Sleep: I think data on positive effect of sleep on brain function is quite conclusive too. Here is a great TED talk on neuroscience of sleep http://www.ted.com/t...why_do_we_sleep if you are still not convinced. Consequently, I never cheated on sleep during my months of prep, however tempted I was. Id highly recommend a 9-10 hours of sleep before the exam day.

    It is a long post so thanks for reading. I will be happy to answer any questions you may have for me. Good Luck!

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    Re: My GRE experience- 4 months prep-330

    Hi,

    Thank you so much for your valuable time for writing this post. i have started my preparation from last week of june but i have been away from maths since long time, as i look on gre topic i know most topics of arthmatic and algebra, i dont know probablitiy premutations, cominations, geometry. so to answer question in these section as almost impossible. now for arthmatic and algebra i have subscribed for Magoosh i find even their questions very hard to answer, i really am upset that i am standing no where in quantitative yet. I havent started for verbal and analytical still.

    Regards

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    Re: My GRE experience- 4 months prep-330

    Quote Originally Posted by meroonag View Post
    Hi, Thank you so much for your valuable time for writing this post. i have started my preparation from last week of june but i have been away from maths since long time, as i look on gre topic i know most topics of arthmatic and algebra, i dont know probablitiy premutations, cominations, geometry. so to answer question in these section as almost impossible. now for arthmatic and algebra i have subscribed for Magoosh i find even their questions very hard to answer, i really am upset that i am standing no where in quantitative yet. I havent started for verbal and analytical still. Regards
    There is no running away from gre quant. What you should do is start with a book that has basics. Have you looked at the princeton review math book? i don't like princeton as such but they are good for basics. start with that or with nova if you are facing difficulty in quant.

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    GRE-GMAT Instructor Brent Hanneson's Avatar
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    Re: My GRE experience- 4 months prep-330

    I'll echo what bullseye said.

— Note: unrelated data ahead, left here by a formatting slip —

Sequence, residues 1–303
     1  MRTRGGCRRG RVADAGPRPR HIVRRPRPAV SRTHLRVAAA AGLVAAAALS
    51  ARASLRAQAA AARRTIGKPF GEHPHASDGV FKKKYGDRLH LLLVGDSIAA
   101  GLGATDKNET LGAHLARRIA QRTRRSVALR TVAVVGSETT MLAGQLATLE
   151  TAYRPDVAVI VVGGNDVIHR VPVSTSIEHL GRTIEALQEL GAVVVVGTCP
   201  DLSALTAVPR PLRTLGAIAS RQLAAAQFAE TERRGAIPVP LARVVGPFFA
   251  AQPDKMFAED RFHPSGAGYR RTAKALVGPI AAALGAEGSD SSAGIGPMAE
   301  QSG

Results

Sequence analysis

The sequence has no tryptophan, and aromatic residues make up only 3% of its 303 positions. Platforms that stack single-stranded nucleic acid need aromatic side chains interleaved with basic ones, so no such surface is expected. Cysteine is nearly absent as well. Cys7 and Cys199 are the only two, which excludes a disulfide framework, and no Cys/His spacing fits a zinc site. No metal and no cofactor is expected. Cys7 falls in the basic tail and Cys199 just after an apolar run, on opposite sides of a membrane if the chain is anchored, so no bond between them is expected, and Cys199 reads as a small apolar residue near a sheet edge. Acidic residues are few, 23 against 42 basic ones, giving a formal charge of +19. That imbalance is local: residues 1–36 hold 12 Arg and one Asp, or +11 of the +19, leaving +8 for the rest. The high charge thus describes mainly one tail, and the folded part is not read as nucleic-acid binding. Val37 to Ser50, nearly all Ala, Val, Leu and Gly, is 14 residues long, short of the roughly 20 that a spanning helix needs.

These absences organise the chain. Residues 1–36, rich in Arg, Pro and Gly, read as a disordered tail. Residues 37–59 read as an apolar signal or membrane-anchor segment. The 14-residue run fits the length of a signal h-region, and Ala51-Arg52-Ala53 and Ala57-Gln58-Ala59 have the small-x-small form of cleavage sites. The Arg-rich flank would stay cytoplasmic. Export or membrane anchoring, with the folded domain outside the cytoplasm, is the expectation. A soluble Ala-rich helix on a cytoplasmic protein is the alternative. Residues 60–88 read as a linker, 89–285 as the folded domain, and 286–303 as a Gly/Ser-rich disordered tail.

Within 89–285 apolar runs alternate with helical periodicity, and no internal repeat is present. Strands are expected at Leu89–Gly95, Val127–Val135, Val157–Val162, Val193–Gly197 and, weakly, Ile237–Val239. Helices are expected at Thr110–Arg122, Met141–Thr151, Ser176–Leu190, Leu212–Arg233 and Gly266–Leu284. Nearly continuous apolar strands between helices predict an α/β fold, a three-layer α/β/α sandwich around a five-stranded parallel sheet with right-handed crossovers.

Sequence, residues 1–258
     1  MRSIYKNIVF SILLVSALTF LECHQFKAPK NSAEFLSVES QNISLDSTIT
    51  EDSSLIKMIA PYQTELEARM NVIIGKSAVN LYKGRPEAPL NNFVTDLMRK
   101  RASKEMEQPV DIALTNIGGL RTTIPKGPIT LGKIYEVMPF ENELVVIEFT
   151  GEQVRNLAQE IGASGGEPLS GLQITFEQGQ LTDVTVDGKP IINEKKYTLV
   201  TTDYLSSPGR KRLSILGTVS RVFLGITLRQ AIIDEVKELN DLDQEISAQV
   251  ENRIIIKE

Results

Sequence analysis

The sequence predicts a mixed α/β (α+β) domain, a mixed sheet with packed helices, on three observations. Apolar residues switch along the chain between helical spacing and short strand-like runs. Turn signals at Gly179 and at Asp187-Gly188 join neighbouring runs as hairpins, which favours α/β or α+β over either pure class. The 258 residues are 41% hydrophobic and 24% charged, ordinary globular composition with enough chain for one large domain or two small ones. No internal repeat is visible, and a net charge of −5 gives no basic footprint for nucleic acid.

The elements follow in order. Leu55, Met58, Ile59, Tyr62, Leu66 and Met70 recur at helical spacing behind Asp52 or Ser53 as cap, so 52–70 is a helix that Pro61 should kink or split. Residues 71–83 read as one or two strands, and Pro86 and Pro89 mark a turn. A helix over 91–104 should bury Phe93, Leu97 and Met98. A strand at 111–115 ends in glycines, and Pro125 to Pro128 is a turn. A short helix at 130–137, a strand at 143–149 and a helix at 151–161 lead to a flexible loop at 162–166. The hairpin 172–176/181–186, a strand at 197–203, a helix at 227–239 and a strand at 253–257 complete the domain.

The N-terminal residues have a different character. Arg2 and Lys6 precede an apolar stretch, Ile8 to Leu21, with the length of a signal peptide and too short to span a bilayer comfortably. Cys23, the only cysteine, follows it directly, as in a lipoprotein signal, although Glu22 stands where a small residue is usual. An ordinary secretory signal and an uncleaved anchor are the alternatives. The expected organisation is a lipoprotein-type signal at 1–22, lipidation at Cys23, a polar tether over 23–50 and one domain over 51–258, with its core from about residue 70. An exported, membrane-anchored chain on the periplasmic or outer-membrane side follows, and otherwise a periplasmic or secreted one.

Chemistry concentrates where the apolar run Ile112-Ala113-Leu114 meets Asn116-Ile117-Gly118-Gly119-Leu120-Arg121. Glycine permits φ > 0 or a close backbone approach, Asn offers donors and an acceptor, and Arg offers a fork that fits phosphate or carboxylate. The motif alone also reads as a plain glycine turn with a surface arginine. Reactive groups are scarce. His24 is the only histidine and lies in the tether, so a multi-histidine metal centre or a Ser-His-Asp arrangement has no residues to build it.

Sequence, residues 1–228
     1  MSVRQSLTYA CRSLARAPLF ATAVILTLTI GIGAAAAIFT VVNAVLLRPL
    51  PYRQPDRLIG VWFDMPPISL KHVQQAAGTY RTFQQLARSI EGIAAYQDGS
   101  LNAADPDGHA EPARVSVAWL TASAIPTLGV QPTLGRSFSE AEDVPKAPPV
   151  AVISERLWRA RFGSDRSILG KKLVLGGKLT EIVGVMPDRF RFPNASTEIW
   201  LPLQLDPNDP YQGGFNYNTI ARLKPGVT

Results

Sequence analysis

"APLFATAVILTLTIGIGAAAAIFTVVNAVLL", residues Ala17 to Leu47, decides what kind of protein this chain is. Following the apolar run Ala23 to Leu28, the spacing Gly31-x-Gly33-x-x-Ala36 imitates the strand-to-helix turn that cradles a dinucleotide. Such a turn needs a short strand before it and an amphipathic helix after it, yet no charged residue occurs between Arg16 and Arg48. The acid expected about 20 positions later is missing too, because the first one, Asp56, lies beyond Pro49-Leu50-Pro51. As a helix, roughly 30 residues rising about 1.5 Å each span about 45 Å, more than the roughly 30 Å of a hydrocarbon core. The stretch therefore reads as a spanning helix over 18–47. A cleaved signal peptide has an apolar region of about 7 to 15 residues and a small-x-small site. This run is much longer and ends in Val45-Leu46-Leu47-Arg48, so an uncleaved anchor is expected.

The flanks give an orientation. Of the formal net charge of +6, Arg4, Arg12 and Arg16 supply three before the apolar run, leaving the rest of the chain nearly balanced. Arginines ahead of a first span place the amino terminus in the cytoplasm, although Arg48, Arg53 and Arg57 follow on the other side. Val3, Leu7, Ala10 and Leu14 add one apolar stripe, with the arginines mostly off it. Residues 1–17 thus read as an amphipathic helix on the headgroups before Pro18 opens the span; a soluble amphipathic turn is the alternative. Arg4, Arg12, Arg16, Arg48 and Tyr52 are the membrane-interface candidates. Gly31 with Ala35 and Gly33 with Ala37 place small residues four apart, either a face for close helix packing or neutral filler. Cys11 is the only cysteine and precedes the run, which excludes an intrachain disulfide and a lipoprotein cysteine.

Many GRE resources assume a certain amount of pre-existing math skills.
    Now, there are a lot of great websites out there to learn mathematical concepts (e.g., Khan Academy, Purple Math, etc), HOWEVER none of them address GRE-specific concepts and strategies (quantitative comparison strategies for one). Also, users are often exposed to concepts that are not tested on the GRE, and this can waste what remaining time you have.
    If possible, I suggest sticking with resources that a specifically towards the GRE. Moreover, find one that starts from the most basic concepts and slowly moves you to 170-level concepts.
    I believe that our video course is one such resource.

    Cheers,
    Brent - Greenlight Test Prep

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    Re: My GRE experience- 4 months prep-330

    Totally agree with brent.
    Quote Originally Posted by Brent Hanneson View Post
    I'll echo what bullseye said.
    Many GRE resources assume a certain amount of pre-existing math skills.
    Now, there are a lot of great websites out there to learn mathematical concepts (e.g., Khan Academy, Purple Math, etc), HOWEVER none of them address GRE-specific concepts and strategies (quantitative comparison strategies for one). Also, users are often exposed to concepts that are not tested on the GRE, and this can waste what remaining time you have.
    If possible, I suggest sticking with resources that a specifically towards the GRE. Moreover, find one that starts from the most basic concepts and slowly moves you to 170-level concepts.
    I believe that our video course is one such resource.

    Cheers,
    Brent - Greenlight Test Prep